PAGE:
March 22, 2012
Unusually high temperatures this week likely won't change the cooling schedule, but if the trend continues it may prompt an early start.
Typically, April and October are "shoulder seasons" as they represent the transitional months of the changing seasons. Although it would seem intuitive to start air-conditioning campus building with our record setting heat wave, the forecast also indicates some sub-zero evenings. This large variation in temperature presents the challenge of the shoulder season.
To switch to the cooling system takes a few weeks. Cooling coils need to be filled with chilled water for each of the 90 buildings on campus. Once there is a commitment to cooling, if the weather turns cold again, this time consuming and expensive process may need to be reversed. If Southwestern Ontario returns to normal temperatures in April and May, it could be very cool in our buildings. That said, if temperatures remain above average for an extended period of time, the cooling season may begin in early April.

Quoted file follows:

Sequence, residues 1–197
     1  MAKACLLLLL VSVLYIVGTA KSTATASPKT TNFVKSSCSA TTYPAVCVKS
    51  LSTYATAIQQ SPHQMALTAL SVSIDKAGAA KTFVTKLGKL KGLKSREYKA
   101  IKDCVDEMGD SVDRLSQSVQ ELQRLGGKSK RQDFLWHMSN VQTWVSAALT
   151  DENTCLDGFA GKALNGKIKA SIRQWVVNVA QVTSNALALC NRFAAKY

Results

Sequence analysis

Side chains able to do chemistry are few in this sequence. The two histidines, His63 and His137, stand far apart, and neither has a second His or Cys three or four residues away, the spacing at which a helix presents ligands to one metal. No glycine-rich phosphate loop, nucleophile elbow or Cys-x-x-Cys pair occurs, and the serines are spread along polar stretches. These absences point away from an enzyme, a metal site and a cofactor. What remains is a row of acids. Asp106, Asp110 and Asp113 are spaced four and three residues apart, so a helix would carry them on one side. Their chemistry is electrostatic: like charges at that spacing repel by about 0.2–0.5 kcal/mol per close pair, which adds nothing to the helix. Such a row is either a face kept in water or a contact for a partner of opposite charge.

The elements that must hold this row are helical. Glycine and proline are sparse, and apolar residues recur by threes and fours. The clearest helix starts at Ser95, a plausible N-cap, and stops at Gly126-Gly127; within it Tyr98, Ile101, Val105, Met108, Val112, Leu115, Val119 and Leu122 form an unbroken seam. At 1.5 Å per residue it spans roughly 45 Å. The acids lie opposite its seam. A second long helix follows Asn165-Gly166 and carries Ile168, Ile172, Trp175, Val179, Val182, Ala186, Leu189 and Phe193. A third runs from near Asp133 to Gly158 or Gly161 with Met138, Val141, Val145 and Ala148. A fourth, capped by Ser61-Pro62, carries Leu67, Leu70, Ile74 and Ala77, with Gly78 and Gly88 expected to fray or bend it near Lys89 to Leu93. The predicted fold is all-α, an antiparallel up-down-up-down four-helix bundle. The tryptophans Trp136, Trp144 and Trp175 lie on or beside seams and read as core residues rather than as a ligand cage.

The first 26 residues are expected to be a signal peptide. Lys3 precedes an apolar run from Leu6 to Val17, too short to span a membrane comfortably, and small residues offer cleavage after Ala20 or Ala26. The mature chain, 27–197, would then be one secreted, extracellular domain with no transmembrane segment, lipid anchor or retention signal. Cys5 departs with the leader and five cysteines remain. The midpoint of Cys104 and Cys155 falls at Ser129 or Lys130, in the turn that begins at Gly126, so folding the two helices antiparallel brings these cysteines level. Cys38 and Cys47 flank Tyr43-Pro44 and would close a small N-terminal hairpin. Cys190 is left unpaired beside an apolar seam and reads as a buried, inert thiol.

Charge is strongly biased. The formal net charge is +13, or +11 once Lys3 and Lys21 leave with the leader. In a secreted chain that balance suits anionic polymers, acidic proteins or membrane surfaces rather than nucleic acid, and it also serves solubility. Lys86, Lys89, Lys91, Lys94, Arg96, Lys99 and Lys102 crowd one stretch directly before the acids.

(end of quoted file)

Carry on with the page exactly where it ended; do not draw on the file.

“We need to balance the needs of the customer as well as protect the chilling equipment,” says Rod Crichton, Power Plant Manager. “We only want to load the chilled water lines once a season, otherwise we are wasting time and resources - that is the juggling act that we perform each shoulder season.”
Another challenge comes as evening temperatures dip below freezing. Coils can be damaged if ice develops and expands, perforating the line. As the ice melts, the chilled water will pour out of the coils through the cracks, leading to downtime and repair.
“There are staff, faculty, and researchers working in support of the University’s mission and we will have students writing exams,” says Crichton. “It’s important we provide a comfortable environment for everyone.”Facilities Management understands the need to accommodate building occupants and maintain steady climate levels. The target for an average office and/or classroom is set between 20 - 25C throughout the year.